Park Guell, Barcelona

Here are some drawings from my first full reportage day in Barcelona. I woke up, had some coffee and a ham sandwich (of course, it’s the national food of Spain), and high-tailed it over to Guadi’s Park Guell. Well, maybe I didn’t really high tail it over there; once I got out of the subway station I had a long and winding road to climb up the mountains.
Fortunately there were a few escalators sprinkled along the route or I think the altitude and the heat would have done me in. But it was well worth the climb – I have wanted to see this park since I first found out about it as a student at Parsons. What a place – it did not disappoint! The shapes, colors, patterns, textures and scale were unreal. Literally, unreal. So I pulled out every crayon, paintbrush, pen, etc. that I had in my bag and jumped on the first drawing above. Then I had to go up those stairs for a closer look:

Gaudi’s intention was for Park Guell to be a residential area – like the Stuyvesant Town apartment complex of Barcelona, maybe? I can’t imagine how living there would affect your world view, coming as I do from life in a square apartment building made out of rectangular bricks. I think it would definitely sensitize you to colors galore! Actually I think a few people do live there but mainly it’s a public park. Gaudi had a house there though, when he wasn’t sleeping at the Sagrada Familia site.

The lizard sculpture seemed to be a big hit with the visitors. Here is a quick little drawing of a girl playing on it, along with some other thumbnails:

The different tile work was insane! But then I went on top of the building and saw the famous serpentine bench:

The bench is overlaid with broken pottery and there are ‘secret’ messages in the designs. A lot of Catholic symbolism, since Gaudi was a fervent Catholic (more on that in my Sagrada Familia post) and a lot of cultural references. It’s truly beautiful and was actually made and put together by one of Gaudi’s most talented collaborators, the artist Jujol. Jujol came up with the idea for the broken pottery decoration when he saw the broken head of a child’s doll on the street. To quote Gijs Van Hensbergen, Gaudi’s biographer: “Taken as a whole the bench’s explosion of colour is like a cinematic version of the famous Rose window at Chartres.” True! Here is a link to the biography, if you’re interested to read more: GAUDI. Great read.

But the best part for me was when I went UNDER the building that the serpentine bench sits on. What a beautiful public space – there was a musician playing and, despite the heat (I swear it hit 100 degrees) it was cool and relaxing under the arches. And you could see glimpses of the beautiful Spanish landscape through the archways:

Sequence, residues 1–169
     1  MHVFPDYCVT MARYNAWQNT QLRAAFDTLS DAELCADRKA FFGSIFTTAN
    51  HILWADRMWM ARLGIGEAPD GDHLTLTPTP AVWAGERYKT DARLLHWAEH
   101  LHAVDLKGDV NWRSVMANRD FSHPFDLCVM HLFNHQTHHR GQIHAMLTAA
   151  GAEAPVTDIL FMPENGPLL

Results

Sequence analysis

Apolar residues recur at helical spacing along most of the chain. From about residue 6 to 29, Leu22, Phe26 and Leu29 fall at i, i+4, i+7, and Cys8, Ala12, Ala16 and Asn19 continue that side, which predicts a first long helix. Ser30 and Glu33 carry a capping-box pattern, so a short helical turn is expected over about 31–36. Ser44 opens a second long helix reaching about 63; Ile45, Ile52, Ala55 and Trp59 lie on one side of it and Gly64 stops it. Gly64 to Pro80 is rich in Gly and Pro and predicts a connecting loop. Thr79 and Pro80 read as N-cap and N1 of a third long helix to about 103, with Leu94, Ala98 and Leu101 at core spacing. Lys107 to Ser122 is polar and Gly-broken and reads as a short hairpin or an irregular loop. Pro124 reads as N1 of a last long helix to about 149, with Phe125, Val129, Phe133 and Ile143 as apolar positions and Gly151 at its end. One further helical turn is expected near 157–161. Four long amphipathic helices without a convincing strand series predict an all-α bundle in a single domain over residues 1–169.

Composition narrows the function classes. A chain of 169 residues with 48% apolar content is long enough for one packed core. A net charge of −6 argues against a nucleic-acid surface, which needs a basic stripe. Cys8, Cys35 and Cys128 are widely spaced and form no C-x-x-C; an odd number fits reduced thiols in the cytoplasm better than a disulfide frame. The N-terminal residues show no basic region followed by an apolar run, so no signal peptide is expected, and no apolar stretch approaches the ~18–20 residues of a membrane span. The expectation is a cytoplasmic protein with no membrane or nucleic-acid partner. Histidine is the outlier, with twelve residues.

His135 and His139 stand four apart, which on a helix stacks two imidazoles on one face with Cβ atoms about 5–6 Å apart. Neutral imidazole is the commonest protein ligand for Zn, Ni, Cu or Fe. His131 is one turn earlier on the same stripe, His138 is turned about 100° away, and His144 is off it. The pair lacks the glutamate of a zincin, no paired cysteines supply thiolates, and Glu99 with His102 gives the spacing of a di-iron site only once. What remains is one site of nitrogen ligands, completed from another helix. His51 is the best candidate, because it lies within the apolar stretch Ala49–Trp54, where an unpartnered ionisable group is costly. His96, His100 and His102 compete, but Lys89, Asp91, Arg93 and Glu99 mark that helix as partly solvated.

Looking up at the ceiling, it seemed to me that it was constructed of sunflowers looking up, and we were seeing the stems. What a fantasy! I don’t know if that’s what Gaudi had in mind but that’s what I saw, and drew. What a lovely thought…

Finally it grew late and it was time for me to end my first reportage day with Gaudi. Before I left the park for the long walk DOWN, I drew this of Gaudi’s home and the entrance to Park Guell:

Que lindo! or linda? I always get the masculine/feminine confused in Spanish. Let’s just say it was beautiful…

Comments (8)

  1. rolfschroeter

    wonderful series of drawings and very appealing reportage. i slightly prefer the monochrome ones – your lines are so liveley and there is so much to explore in them.

  2. Sue Anne Bottomley

    inspired use of colored line. the best of armchair travel!

  3. Donna McMenamin

    Beautiful drawings Ronnie. What a day you must have had, your enthusiasm shows thru in your drawings!

  4. roberto marchán

    i really love the use of both black line and color in your sketches. you have perfectly trapped the atmosphere of parc güell. and by the way, it’s “lindo” as long as “parque” (parc in catalan) is masculine. congratulations!

  5. admin

    Thanks for your comments everyone.

    Yes Donna, it was a fantastic day and a location that I had dreamed of visiting for years.

    And I appreciate the clarification on the Spanish, thank you Roberto!

    – Ronnie

  6. Danielle C. McManus

    Beautiful Ron! Thanks for sharing. -Dan

  7. Vicky Porter

    You’ve really captured the feel of Gaudi’s creations that I remember from my college days. You’ve turned the explosions of colors and lines into beautiful compositions. Thank you.

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